I went in for surgery in early December of 2008 expecting what I was told by a gastroenterologist and the surgeon — that my sigmoid colon would be removed, my colon would be reattached, the hospital stay would be about 7 days, and then other than having to take it easy for several weeks, my body’s “waste processing facilities” would work as they should.
It didn’t turn out that way. My sigmoid colon was removed, the sections of colon were reattached – but nothing worked as it should. The first day or two after surgery, it seemed that everything would be OK. I was up and walking around on the second day, exceeding expectations (so I was told) for the ability to get up and around. The surgery was on a Monday. By Wednesday, though, my abdomen began to hurt more and more. It felt like excessive gas pain or like the ileus I once had after a different sort of abdominal surgery. It felt really horrible.
By Friday, the pain was nearly unbearable. In the middle of the night, I felt a sharp, intense, horrible, excruciating pain just below my belly button. I told the doctors and nurses about it, about how horrible it felt. And then I don’t remember anything until quite a few days later.
What I’ve been told is that I was left pretty much alone all weekend in the hospital. I later asked the surgeon why that was the case, and he told me that often such things will resolve themselves and he wanted to avoid a second surgery. Then on Monday (one week after the first surgery), I am told that I went for a CT scan and/or other tests. By Wednesday (9 days after the first surgery), I apparently signed consent forms for a second surgery. It turns out that I had a volvulus (this is a twist in the colon that rarely occurs in adults and that leads to necrosis of the sections of the colon that have twisted. It often leads to death). I have a redundant colon (about twice the length of a normal person’s colon) and more sections of it were removed during the second surgery. I still have a redundant colon, and if I ever decide to have the colostomy I now have reversed, the redundancy will be removed before the resection.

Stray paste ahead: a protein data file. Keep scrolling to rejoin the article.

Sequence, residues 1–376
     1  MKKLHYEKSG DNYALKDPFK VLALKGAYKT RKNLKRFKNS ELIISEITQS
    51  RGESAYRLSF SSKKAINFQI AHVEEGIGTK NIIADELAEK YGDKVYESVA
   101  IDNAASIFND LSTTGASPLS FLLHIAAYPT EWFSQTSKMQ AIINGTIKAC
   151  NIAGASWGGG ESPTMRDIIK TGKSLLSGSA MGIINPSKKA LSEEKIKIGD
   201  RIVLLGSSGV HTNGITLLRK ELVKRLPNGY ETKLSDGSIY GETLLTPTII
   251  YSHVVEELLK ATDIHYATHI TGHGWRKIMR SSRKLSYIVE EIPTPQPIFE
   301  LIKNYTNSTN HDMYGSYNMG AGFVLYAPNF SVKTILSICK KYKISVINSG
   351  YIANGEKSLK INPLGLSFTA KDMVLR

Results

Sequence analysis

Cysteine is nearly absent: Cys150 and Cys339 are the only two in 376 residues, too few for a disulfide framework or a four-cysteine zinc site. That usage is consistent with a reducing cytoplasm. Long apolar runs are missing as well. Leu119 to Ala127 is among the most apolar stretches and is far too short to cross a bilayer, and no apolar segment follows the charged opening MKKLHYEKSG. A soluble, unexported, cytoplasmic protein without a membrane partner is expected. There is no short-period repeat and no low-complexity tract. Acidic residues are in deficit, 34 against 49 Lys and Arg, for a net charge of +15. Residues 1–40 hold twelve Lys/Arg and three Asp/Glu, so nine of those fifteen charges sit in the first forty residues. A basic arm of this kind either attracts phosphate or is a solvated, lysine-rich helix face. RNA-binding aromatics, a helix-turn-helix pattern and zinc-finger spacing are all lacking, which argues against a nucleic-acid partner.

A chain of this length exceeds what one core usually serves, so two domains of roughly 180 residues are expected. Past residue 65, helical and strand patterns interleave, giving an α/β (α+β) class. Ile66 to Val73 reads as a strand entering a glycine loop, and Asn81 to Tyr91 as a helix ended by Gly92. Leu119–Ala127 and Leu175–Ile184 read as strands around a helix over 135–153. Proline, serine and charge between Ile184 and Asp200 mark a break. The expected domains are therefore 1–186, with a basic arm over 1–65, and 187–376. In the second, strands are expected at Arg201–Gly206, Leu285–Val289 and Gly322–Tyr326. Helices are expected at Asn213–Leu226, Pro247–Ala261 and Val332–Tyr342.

The short version of this is that I awakened with a colostomy. (In the page of this blog called “What it’s like to have a colostomy,” I make some comments about that.) At first, it really didn’t “register” with me, but when it did, I was convinced that my life was essentially over. The reason that it didn’t really dawn on me, or I didn’t really care much about the colostomy at first, is that after the second surgery, I couldn’t breathe well and was in intensive care for 5 days. I remember little snippets of things from the 4th day after the first surgery to the 5th day after the second surgery (so I lost about 2 weeks, in essence, of the nearly 3 weeks I spent in the hospital). But when I finally did come back to some significant awareness, I was not happy about the colostomy and yet I was still somewhat bewildered by it, I guess, and perhaps emboldened to some extent by the surgeon’s assurance that it was only temporary and that it could be reversed in the summer of 2009. (It is now the summer of 2009, and I have opted to wait to have it reversed and may decide not to do so at all. That, however, is a topic for another page.)
To be continued….